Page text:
Palo Alto's famous circuit-board egg sculpture, "Digital DNA," may soon receive a major facelift -- and it won't be cheap.
The iconic Lytton Plaza landmark, which had originally cost the city $9,950, would cost over $80,000 to restore, the city's Public Arts Commission learned Thursday evening (Dec.15).
"The egg keeps coming back to us for some reason. It's had many rebirths, shall we say," commission Chair Ally Richter said.
In a proposal addressed to the commission, artist Adriana Varella called for complete and urgent restoration of the sculpture based on continued exposure to the sun, rain and human touch. Producer Alex Lage of Ringo Films would sponsor the entire refurbishment process, which would cost $82,400 -- more than eight times the sculpture's original price. In return, Lage asked for a plaque recognizing Ringo Films' support.
In the proposal, Lage and his production team they said they would deposit the money into the art commission's budget for the commission to manage.
The budget laid out everything from Varella and Lage's airfare and accommodations, the hiring of helpers, an art studio rental for restoration and new circuit boards to cover the entire structure, to the transportation and the public "re-hatching" of the sculpture as well as funds for an online broadcast of the one-month restoration process.
Digital DNA, one of Palo Alto's most popular sculptures, has had a rocky history since the city commissioned it in 2000. Six months into its creation, the artist's neighbor mistakenly threw the egg away. Then when the egg was almost ready to be installed, a fire swept through the warehouse where the sculpture was stored, completely destroying the piece. Varella and her husband Nilton Malz scrambled to rebuild the egg from scratch before installing it in 2005.
Former Mayor Le Levy and developer Roxy Rapp, who advocated for a complete redesign of Lytton Plaza with a large fountain and a giant chess set as the centerpiece, protested Digital DNA's final installation.
The commission has supported multiple restorations of the sculpture in the past, paying to replace circuit boards and recoat the egg in protective resin. In 2010, the commission doubled the maintenance budget for the sculpture and denied the artist's request to "gold plate" the egg.
"I have all kind of 'jitteries' about this particular project," Richter said. "We just spent $8,000 refurbishing this when originally it was only supposed to be $4,000.
"I don't want to have an issue with this piece every two to three years if we are spending this kind of money, so I'm a little apprehensive about the budget," Richter said.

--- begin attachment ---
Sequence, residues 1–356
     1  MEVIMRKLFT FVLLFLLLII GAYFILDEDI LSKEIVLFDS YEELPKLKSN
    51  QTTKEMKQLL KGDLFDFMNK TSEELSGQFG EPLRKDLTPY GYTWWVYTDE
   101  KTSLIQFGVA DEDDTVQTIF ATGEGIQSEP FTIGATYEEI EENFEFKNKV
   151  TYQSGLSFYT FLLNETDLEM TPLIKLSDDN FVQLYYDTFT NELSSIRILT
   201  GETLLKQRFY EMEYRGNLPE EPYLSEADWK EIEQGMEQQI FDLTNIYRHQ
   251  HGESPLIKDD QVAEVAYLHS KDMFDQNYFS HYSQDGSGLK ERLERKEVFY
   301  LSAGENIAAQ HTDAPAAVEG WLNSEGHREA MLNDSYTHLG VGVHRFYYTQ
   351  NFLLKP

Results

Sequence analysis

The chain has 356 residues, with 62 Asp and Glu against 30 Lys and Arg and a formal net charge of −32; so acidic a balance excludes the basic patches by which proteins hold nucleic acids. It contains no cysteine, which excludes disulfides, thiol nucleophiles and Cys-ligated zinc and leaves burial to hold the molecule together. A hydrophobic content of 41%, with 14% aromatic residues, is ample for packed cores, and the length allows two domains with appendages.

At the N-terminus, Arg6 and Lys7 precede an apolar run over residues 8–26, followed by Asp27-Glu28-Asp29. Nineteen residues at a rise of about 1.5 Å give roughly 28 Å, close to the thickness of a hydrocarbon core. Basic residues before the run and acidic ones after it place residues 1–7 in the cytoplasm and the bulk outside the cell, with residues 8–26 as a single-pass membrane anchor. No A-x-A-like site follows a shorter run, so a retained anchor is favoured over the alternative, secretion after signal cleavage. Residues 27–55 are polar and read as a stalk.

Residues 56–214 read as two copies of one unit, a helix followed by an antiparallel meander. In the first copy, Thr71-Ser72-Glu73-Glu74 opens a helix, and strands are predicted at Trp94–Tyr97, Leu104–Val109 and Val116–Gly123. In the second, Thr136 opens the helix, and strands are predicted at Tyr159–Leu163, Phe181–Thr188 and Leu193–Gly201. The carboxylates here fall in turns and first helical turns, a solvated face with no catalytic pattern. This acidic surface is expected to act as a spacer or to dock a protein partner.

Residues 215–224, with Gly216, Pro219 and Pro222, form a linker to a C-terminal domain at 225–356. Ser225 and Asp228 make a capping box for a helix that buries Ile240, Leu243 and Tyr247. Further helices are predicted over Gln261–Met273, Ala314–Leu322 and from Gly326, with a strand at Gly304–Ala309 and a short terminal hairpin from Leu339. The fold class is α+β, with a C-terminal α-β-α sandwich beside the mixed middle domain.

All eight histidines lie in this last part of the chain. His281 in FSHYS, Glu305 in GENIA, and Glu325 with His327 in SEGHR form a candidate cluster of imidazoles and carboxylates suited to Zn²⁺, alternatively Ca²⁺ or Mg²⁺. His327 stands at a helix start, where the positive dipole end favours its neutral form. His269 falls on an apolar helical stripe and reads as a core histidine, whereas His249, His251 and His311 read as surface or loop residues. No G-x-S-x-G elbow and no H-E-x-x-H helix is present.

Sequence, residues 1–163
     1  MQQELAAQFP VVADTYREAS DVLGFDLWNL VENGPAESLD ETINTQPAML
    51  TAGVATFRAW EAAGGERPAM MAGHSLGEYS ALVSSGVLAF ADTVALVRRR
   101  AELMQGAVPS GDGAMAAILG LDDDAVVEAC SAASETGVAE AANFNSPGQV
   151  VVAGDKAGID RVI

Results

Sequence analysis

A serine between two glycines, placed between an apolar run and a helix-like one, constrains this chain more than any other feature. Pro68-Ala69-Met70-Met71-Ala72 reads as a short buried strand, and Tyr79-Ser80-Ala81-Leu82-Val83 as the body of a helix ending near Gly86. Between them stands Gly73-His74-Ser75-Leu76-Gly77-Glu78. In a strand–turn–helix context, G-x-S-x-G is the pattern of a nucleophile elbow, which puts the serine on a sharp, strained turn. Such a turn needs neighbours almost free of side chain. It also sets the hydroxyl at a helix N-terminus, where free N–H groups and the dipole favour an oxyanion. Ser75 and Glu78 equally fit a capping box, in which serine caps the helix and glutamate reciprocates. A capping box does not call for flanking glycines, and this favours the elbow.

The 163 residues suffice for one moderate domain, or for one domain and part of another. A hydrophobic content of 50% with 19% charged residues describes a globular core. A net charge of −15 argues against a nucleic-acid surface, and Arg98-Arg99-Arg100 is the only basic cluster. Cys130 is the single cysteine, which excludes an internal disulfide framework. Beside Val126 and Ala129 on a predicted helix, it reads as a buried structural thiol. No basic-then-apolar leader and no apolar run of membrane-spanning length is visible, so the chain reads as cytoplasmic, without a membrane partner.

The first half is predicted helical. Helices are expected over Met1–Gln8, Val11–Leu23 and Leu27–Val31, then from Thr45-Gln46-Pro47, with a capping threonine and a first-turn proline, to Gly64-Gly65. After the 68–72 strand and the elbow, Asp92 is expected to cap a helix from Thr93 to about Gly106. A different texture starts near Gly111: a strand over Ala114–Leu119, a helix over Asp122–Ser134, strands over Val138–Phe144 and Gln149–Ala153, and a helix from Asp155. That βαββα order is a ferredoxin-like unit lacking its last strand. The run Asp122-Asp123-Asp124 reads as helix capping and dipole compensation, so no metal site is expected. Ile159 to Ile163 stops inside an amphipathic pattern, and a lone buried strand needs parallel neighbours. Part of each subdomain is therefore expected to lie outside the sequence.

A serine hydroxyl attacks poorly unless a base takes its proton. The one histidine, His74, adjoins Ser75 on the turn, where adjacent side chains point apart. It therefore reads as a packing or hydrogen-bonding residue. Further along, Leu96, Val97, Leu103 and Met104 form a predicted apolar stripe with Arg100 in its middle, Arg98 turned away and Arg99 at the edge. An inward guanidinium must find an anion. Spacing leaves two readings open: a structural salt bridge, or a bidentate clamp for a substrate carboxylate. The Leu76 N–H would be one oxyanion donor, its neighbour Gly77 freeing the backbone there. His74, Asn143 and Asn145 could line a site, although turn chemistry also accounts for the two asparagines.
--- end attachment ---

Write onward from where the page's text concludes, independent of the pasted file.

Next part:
Elise DeMarzo, the staff liaison to the commission, has been in contact with Varella about the proposed restoration.
She said the artist wants to take the time to re-do the sculpture properly.
"Previously she had to work on it in a parking stall in a parking lot, so I think her vision is that this budget would give her the ability to work in a climate-controlled studio, using all the material she wants," DeMarzo said.
DeMarzo, who spoke on behalf of the artist, said Varella would use a "more hearty" resin this time.
Richter and other commissioners also discussed asking Varella to completely re-do the piece or moving it to a safer location.
"Why don't we have her just make another egg, if she is going to give over $82,000?" Richter asked. "And just move the new one to a more protected location."
When the city questioned the sculpture's location in 2005, a group of young anarchists protested saying the egg represented the plaza as a "place for the people."
The commissioners agreed they would rather keep the sculpture where it is than have to move it.
"We all like the piece, and we want to see it stay," Commissioner Trish Collins said. "It represents Palo Alto's birthplace of Silicon Valley."
However, the commission decided not to take any further action before they have more concrete information about the budget and a direct breakdown of funds.
"We need to make sure we will get what we originally paid for. We need to ask her some hard questions.
"Because if its $82,400, two years from now I don't want to have to see us pay $15,000 just to give the egg a new shell," Richter said.
DeMarzo said she plans to communicate with the artist to ask her for a more detailed report and discuss her findings at the commission's next meeting on Feb. 16, 2012.